Tell el-Ful revisited: The Assyrian and Hellenistic periods (with a new identification)

Israel Finkelstein*

*Corresponding author for this work

Research output: Contribution to journalReview articlepeer-review

15 Scopus citations


This article deals with the settlement history of Tell el-Ful from the Iron Age until the Hellenistic period. The author rejects past theories that a great fortress was built at the site in the Iron I period and that the settlement was protected by a casemate wall in the Iron IIC. He also rejects the identification of Tell el-Ful as biblical Gibeah/Gibeah of Saul. The author proposes that the tower excavated by Albright and Lapp was first constructed in the Iron IIC as an Assyrian watchtower commanding the northern approach to Jerusalem, and that it was one link in a system of such forts around the capital of Judah. The author maintains that the building served as a Hellenistic fort in a later phase and suggests the possibility, however speculative, of identifying Tell el-Ful with Pharathon, mentioned as one of the forts constructed by Bacchides in Judea in the early 2nd century BCE, and with Perath/Parah of late-monarchic times.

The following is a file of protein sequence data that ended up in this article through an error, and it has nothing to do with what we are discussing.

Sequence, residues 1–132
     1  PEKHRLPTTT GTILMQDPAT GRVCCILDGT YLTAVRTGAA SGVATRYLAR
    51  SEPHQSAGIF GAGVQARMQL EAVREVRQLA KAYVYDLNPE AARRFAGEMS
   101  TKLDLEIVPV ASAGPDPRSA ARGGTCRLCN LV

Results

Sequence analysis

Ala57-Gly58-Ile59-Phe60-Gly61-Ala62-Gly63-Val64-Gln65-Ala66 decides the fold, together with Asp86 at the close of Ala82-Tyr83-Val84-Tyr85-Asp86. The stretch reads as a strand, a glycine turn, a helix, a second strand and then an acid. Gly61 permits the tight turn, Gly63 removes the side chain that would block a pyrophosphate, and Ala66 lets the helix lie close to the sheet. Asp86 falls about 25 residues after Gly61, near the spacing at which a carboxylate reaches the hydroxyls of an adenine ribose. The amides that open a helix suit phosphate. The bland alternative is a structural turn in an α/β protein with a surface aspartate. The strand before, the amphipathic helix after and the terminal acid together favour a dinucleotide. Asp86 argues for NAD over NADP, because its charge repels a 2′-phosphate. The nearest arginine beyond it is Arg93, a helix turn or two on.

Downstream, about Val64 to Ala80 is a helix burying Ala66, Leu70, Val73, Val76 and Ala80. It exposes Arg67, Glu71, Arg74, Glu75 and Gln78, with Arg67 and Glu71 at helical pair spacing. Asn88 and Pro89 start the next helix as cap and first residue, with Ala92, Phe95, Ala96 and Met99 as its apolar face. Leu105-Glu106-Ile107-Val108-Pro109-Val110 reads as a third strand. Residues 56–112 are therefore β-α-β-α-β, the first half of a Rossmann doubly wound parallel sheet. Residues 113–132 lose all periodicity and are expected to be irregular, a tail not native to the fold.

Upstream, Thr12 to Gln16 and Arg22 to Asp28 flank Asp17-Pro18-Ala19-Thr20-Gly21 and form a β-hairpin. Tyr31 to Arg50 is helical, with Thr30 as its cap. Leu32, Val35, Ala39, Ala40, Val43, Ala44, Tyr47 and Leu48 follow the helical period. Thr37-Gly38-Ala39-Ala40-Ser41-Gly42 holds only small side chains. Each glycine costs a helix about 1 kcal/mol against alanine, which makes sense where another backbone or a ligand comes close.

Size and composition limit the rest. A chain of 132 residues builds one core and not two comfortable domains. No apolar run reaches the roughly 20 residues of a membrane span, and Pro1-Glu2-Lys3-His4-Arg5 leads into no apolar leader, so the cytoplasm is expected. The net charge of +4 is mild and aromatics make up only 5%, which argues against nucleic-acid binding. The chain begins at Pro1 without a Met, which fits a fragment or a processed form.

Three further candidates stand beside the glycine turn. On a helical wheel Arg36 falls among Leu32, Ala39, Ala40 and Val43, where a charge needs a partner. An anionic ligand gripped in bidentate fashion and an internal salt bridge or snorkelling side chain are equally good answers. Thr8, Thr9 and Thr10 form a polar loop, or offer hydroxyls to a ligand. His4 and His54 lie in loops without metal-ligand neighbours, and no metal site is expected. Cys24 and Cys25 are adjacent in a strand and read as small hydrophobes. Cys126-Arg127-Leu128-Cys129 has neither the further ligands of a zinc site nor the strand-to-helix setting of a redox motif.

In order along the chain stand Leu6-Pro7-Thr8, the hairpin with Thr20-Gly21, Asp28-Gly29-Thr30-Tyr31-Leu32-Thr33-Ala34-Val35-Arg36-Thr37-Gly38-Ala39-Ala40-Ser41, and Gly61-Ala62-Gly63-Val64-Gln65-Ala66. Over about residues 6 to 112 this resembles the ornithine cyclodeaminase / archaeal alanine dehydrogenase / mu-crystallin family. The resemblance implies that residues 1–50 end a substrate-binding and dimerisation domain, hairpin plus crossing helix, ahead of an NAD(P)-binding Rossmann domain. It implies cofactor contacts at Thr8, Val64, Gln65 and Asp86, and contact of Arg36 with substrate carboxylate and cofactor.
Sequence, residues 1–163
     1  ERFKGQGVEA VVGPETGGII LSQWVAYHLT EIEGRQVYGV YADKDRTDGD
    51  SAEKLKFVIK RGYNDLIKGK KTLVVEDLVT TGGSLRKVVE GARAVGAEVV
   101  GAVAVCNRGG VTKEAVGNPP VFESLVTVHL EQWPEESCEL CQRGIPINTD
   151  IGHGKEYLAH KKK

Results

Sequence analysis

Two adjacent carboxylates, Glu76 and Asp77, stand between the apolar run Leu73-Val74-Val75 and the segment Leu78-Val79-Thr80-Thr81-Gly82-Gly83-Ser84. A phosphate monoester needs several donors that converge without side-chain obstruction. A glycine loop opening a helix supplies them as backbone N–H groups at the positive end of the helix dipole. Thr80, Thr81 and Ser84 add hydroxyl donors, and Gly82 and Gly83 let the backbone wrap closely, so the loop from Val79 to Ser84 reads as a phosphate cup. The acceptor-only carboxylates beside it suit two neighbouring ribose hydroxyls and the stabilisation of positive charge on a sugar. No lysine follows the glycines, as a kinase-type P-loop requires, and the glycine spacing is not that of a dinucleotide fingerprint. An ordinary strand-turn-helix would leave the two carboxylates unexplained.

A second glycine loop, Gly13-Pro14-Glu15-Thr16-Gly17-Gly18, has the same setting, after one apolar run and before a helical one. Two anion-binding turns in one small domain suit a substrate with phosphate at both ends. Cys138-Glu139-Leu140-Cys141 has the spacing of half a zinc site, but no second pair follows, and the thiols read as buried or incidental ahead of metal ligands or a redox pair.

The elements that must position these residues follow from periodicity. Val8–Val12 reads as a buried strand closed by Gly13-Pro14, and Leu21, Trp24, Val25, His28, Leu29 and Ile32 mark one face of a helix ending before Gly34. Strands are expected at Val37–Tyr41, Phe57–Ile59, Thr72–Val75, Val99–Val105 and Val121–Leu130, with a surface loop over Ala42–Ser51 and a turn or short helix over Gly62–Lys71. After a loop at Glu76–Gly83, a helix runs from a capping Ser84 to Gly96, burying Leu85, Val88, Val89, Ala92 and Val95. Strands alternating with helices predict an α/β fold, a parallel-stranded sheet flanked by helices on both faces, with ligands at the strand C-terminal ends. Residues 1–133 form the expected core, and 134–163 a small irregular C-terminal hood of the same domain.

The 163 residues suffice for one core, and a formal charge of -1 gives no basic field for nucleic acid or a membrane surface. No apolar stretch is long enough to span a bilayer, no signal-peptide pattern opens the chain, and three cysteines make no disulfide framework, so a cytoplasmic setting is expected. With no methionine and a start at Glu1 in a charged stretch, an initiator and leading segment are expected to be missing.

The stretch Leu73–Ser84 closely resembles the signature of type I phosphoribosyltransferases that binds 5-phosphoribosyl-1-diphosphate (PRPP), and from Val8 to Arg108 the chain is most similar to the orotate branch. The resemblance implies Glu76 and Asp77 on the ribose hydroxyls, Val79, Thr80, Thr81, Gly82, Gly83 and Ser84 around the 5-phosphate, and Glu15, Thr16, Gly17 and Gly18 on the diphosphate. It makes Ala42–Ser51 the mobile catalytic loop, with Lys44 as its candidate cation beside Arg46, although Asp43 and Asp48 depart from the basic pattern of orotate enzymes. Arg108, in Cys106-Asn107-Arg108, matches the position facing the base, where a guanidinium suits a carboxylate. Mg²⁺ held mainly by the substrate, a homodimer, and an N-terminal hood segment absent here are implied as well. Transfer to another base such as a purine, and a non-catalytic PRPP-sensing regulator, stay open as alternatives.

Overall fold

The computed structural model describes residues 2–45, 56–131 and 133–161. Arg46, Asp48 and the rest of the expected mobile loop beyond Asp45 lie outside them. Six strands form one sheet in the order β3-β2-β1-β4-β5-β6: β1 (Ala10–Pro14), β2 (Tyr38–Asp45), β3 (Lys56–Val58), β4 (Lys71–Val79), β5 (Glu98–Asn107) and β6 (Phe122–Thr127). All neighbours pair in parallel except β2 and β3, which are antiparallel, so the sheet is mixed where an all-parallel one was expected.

Original languageEnglish
Pages (from-to)106-118
Number of pages13
JournalPalestine Exploration Quarterly
Issue number2
StatePublished - Jul 2011


  • Assyrian forts
  • Bacchides
  • Benjamin
  • Gibeah
  • Gibeah of Saul
  • Perath/Parah
  • Pharathon
  • Tell el-Ful


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